Of course, by appropriate substitution of desired and rejection harmonics, suitable coupling circuits for other constants of multiplication can be designed. As an alternative, resonator circuits can be designed in accordance with the principles of the present invention and these resonator circuits can be coupled with conventional resonators tuned to a particular frequency as shown in the FIG. 3 embodiment, including a standard resonator between two rejection networks.

BRIEF DESCRIPTION OF THE DRAWING

The above objects, features and advantages of the present invention will be understood in greater detail from the following description and associated drawings, wherein:

FIG. 1 is a schematic of a prior art filter circuit arranged for rejection both above and below a peak frequency;

FIG. 2 is a schematic of the present invention in a doubler circuit network; and

FIG. 3 is a schematic of a circuit similar to that shown in FIG. 2 but arranged with a standard resonator between the two rejection networks.

DETAILED DESCRIPTION OF THE PREFERRED EMBODIMENT

Referring now to FIG. 2, there is shown a schematic diagram of a doubler circuit network in accordance with the present invention. Although the present invention applies to multipliers in general, its features may be more fully appreciated from a detailed discussion of a specific circuit such as a doubler. Thus, the doubler circuit should be considered a non-limitative example only.

A transistor T20 is baised by resistors R22 and R24 and has an input coupled through a capacitor C26. This is assumed to be a non-linear amplifier stage such as a class C amplifier. Thus, transistor T20 produces various harmonics of a fundamental frequency Fo coupled to its input. A first trap (rejector circuit) is formed by a fixed inductor L30 and a variable capacitor C32 in series. This first trap is tuned to the third harmonic 3Fo of fundamental frequency Fo so that the third harmonic 3Fo will be shunted to ground. A second trap (rejector circuit) is formed by a fixed capacitor C34 and variable inductor L36. This second trap is tuned to the fundamental frequency Fo so that the fundamental frequency will be shunted to ground. An inductor L40 is coupled in parallel with the first trap and tuned such that the parallel combination of inductor L40 with the first trap forms a parallel resonator tuned substantially to pass the desired harmonic 2Fo for a doubler 2Fo. A capacitor C42 is coupled in parallel with the second trap and tuned such that the parallel combination of capacitor C42 with the second trap forms a parallel resonator also tuned to pass the desired harmonic 2Fo. The two traps are coupled by a coupling capacitor C44.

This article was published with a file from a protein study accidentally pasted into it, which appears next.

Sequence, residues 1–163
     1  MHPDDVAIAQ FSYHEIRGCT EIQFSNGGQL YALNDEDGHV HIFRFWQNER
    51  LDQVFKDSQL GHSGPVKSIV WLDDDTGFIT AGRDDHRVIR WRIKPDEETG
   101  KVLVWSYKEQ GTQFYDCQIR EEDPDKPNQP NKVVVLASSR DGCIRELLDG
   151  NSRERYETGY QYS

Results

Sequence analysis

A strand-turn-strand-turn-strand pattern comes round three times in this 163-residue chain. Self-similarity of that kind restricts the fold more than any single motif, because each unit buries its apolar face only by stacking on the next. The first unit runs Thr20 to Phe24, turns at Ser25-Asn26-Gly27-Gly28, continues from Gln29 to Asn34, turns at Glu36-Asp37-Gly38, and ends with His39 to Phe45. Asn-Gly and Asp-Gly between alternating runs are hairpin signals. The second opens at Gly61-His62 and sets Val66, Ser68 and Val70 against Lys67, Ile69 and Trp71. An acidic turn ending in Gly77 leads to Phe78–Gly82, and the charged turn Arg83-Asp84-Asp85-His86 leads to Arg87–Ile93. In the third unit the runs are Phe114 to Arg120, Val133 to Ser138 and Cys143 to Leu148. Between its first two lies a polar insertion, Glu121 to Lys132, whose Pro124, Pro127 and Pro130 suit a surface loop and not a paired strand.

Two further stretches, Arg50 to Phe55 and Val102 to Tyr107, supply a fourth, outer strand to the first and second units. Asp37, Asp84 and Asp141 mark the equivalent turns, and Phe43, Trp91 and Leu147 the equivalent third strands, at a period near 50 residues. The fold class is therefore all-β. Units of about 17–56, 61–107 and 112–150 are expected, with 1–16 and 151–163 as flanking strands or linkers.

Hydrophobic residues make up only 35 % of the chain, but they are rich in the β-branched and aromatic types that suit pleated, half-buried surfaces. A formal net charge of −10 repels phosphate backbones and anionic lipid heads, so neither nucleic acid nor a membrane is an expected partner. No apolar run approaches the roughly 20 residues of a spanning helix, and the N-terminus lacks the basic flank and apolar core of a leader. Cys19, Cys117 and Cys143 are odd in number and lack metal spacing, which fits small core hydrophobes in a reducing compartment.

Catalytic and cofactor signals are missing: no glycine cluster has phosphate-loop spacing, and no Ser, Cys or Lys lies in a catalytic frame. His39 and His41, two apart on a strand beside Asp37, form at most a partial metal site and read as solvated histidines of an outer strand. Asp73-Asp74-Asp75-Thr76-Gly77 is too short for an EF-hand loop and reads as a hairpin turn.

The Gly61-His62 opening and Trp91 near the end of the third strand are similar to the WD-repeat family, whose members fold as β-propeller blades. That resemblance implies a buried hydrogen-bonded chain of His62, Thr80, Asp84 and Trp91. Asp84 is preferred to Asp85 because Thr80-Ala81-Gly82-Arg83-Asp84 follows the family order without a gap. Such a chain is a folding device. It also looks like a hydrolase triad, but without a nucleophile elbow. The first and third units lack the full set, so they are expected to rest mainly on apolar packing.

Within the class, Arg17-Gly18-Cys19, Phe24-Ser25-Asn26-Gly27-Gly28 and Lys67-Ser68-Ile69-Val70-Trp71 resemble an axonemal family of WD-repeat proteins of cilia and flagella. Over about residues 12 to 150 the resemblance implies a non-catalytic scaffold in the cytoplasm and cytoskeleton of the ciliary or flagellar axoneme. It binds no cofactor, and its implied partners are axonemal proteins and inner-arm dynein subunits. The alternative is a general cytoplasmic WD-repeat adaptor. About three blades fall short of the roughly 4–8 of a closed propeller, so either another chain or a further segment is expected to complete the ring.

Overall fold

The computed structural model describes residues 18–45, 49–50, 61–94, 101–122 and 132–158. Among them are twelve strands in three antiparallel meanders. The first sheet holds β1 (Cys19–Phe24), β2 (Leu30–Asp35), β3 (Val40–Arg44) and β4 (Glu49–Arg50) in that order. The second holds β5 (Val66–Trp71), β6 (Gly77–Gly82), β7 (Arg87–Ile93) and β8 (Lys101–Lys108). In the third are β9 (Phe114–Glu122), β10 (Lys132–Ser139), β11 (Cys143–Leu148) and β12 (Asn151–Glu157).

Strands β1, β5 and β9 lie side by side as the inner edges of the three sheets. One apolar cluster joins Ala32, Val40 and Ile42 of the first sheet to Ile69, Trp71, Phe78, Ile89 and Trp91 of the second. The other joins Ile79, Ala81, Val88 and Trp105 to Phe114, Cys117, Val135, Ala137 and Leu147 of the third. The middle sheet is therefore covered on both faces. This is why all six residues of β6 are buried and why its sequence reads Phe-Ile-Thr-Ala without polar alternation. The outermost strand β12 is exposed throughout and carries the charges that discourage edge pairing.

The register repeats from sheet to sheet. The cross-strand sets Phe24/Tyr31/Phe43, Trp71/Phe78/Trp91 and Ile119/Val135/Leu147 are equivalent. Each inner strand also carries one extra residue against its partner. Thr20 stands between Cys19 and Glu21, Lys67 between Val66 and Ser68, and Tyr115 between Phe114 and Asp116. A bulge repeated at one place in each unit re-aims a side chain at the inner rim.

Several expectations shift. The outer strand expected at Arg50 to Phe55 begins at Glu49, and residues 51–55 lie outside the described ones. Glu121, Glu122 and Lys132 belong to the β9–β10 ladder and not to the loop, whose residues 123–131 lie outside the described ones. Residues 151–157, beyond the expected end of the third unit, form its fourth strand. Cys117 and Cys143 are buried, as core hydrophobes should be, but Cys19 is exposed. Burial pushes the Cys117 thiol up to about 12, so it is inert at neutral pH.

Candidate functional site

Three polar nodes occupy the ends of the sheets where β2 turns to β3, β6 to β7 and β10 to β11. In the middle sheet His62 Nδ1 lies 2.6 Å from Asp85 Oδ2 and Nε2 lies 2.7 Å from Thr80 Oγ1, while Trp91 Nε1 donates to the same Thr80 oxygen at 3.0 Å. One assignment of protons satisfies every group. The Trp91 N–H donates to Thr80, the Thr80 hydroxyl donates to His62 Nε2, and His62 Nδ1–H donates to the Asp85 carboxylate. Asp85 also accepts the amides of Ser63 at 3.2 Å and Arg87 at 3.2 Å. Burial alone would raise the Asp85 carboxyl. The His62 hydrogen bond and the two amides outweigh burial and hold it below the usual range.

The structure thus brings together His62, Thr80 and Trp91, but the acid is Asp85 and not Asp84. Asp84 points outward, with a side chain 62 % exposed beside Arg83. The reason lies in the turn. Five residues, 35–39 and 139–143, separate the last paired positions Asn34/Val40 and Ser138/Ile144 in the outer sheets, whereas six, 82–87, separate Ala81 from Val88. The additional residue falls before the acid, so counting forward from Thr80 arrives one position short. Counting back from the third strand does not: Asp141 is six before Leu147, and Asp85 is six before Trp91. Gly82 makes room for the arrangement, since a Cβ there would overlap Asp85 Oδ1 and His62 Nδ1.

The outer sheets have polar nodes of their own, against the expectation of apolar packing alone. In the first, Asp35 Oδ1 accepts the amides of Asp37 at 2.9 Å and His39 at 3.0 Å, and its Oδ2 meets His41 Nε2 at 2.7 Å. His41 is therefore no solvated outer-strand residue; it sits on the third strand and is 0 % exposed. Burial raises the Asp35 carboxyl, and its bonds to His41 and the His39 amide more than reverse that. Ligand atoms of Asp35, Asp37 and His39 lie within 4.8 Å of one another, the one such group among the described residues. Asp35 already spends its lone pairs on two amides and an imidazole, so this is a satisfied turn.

Variable capacitor C32 forms a primary tuning element of the tunable coupling circuit and variable inductor L36 forms a secondary tuning element of the network. Using this circuit configuration, the circuit can be tuned using the variable elements over a range of frequencies such that as the passband frequency 2Fo is changed the rejection frequencies are maintained at their proper ratios, i.e. at Fo and 3Fo. Thus, the relationship among the various passed and rejected harmonics becomes independent of the value of variable capacitor C32 and variable inductor L36.